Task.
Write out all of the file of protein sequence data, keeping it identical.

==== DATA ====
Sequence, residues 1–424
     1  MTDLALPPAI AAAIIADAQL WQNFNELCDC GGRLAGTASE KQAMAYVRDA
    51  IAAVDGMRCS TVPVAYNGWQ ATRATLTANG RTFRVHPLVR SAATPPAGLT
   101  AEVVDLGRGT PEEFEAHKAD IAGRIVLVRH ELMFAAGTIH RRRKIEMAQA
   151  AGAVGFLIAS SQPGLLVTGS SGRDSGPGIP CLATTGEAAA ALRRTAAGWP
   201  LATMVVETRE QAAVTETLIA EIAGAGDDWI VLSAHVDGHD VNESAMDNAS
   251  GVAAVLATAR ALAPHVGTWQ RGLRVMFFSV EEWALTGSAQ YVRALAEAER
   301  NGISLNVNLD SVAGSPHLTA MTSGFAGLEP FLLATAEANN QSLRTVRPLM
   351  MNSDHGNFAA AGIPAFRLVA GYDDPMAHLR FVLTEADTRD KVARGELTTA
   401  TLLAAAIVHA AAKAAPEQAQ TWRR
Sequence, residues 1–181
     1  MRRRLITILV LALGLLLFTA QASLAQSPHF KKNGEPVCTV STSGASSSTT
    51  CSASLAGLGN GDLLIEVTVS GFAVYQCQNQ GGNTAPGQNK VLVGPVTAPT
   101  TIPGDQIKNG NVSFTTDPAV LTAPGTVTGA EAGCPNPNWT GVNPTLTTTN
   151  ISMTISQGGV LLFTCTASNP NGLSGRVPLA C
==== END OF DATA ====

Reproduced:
Sequence, residues 1–424
     1  MTDLALPPAI AAAIIADAQL WQNFNELCDC GGRLAGTASE KQAMAYVRDA
    51  IAAVDGMRCS TVPVAYNGWQ ATRATLTANG RTFRVHPLVR SAATPPAGLT
   101  AEVVDLGRGT PEEFEAHKAD IAGRIVLVRH ELMFAAGTIH RRRKIEMAQA
   151  AGAVGFLIAS SQPGLLVTGS SGRDSGPGIP CLATTGEAAA ALRRTAAGWP
   201  LATMVVETRE QAAVTETLIA EIAGAGDDWI VLSAHVDGHD VNESAMDNAS
   251  GVAAVLATAR ALAPHVGTWQ RGLRVMFFSV EEWALTGSAQ YVRALAEAER
   301  NGISLNVNLD SVAGSPHLTA MTSGFAGLEP FLLATAEANN QSLRTVRPLM
   351  MNSDHGNFAA AGIPAFRLVA GYDDPMAHLR FVLTEADTRD KVARGELTTA
   401  TLLAAAIVHA AAKAAPEQAQ TWRR
Sequence, residues 1–181
     1  MRRRLITILV LALGLLLFTA QASLAQSPHF KKNGEPVCTV STSGASSSTT
    51  CSASLAGLGN GDLLIEVTVS GFAVYQCQNQ GGNTAPGQNK VLVGPVTAPT
   101  TIPGDQIKNG NVSFTTDPAV LTAPGTVTGA EAGCPNPNWT GVNPTLTTTN
   151  ISMTISQGGV LLFTCTASNP NGLSGRVPLA C